The United States has exploded $ 21 trillion in the war on terror instead of student debt, health care, etc.


  • Since the September 11 attacks, the United States has spent $ 21 trillion on wars and militarism.
  • For less than half of that, we could decarbonise the electricity grid, dramatically reduce child poverty, and more.
  • With US troops out of Afghanistan, it is time to reinvest in these 20 years of missed opportunity.
  • Lindsay Koshgarian heads the National Priorities Project at the Institute for Policy Studies. She is the lead author of the new State of Insecurity: The Cost of Militarization Since 9/11 report.
  • This is an opinion column. The thoughts expressed are those of the author.

As the United States marked the end of the war in Afghanistan, President Biden focused on a crucial question: “What have we lost as a result in terms of opportunities?”

The president noted that we have spent $ 300 million a day in Afghanistan for 20 years. It’s a shocking number, but it’s only part of the cost of the large-scale militarization that the United States has undertaken around the world and in our own country since 9/11.

Twenty years after September 11, our fully militarized foreign and domestic policies have cost $ 21 trillion over the past two decades, according to new research my co-authors and I published at the Institute for Policy Studies.

These costs include wars, increased Pentagon budgets, and our massive global military presence. They also include punitive immigration and border enforcement and the reorientation of the FBI, DEA, and other law enforcement agencies around combating terrorism with newly expanded powers.

These expenses themselves caused considerable damage.

The militarized spending of the United States since September 11 has caused 900,000 deaths in the global war on terrorism and led to 5 million expulsions from that country. He put $ 1.8 billion in military equipment on city streets, jailed blacks and Latinxes for predominantly non-violent crimes, and fueled FBI programs that targeted people based on their position. race, ethnicity or religion. And that’s just to start.

It is also, as the chairman suggested, money that just has not been spent on other things.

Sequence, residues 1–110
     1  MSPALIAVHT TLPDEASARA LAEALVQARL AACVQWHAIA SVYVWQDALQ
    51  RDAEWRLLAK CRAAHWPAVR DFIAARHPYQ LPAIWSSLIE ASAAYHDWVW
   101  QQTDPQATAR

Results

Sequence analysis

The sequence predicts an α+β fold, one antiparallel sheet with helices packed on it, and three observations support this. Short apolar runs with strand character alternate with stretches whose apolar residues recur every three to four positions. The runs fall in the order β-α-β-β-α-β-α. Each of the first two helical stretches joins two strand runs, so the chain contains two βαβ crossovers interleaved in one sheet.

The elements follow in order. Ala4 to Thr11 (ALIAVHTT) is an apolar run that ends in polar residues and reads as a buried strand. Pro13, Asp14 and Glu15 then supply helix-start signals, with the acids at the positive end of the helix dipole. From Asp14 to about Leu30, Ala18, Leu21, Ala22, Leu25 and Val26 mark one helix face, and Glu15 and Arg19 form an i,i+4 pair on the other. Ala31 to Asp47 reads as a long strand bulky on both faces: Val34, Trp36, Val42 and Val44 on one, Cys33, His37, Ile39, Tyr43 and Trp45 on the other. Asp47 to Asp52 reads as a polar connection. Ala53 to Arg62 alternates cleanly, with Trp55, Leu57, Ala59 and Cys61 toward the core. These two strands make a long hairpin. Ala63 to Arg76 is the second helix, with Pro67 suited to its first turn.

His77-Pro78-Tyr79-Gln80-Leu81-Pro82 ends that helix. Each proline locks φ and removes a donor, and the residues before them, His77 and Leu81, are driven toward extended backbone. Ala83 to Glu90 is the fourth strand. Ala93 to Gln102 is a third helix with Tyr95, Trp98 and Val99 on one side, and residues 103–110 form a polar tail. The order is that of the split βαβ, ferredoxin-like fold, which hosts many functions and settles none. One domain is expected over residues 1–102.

We are still in the midst of a pandemic that has claimed the lives of over 600,000 in the United States alone. Millions of Americans face homelessness now that most deportation moratoria have ended. We have an ongoing opioid epidemic that costs almost 50,000 lives a year. Thousands of people in all parts of the country have lost their homes or their lives to fires and floods that were previously unthinkable but have become common due to climate change.

Each of these crises is an emergency, but we still hear from too many members of Congress that real solutions are just too expensive. But what if we spend even a fraction of the $ 21 trillion that we have plunged into militarism on these things instead?

Crisis solutions cost less than war

It turns out that many of the ambitious plans we hear are “too expensive” would only cost a fraction of the $ 21 trillion we spent on militarism. It would cost less than a quarter of that – $ 4.5 trillion – to build a fully renewable energy grid, decarbonizing electricity generation across the country.

It would only cost $ 1.7 trillion to write off student debt.

For $ 2.3 trillion, we could create 5 million jobs paying $ 15 an hour with benefits – for 10 years.

For $ 449 billion – just 2% of our spending militarized – we could continue to put money in the pockets of families with children by extending the child tax credit for another 10 years, helping people stay at home, giving children a good start in life, and dramatically reducing child poverty.

And it would cost just $ 25 billion – just a tenth of 1% of $ 21 trillion – to vaccinate low-income countries against COVID, save lives, and stop the spread of new coronavirus variants.

Even if we did all of these things, it always adds to less than half what we have spent on militarism over the past 20 years.

Getting out of militarization

We’re not saying we have to wipe out all of that spending. We clearly need to take care of veterans who have been put at risk because of our policies, for example. But we can minimize these costs and others in the future by ending our reliance on militarization and war – which, as the ignominious end to our occupation of Afghanistan suggests, has been a failure. massive.

The fact that we’ve spent $ 21 trillion on militarism in 20 years proves one thing: When the country prioritizes something, we have both the money and the political will to make it happen.

But so far, Congress has not changed its priorities. On September 1, the House Armed Services Committee voted to add $ 25 billion – coincidentally, the same amount it would cost to vaccinate the rest of the planet against COVID-19 – to the Pentagon’s already huge arms budget. that the military leaders did not even ask for. for. They are out of step with the Americans, the majority of whom said in a poll last year that they would rather cut the Pentagon’s budget by 10% to fund other priorities.

At the end of the Cold War, the United States cut Pentagon spending as part of a “peace dividend.” The United States finally withdrew the last troops from Afghanistan. Ending this war may give us a peace dividend to reinvest at home, if Congress and President Biden dare to claim it. After 20 years of missed opportunities for our infrastructure, our jobs and our planet, we cannot afford not to.

About John Tuttle

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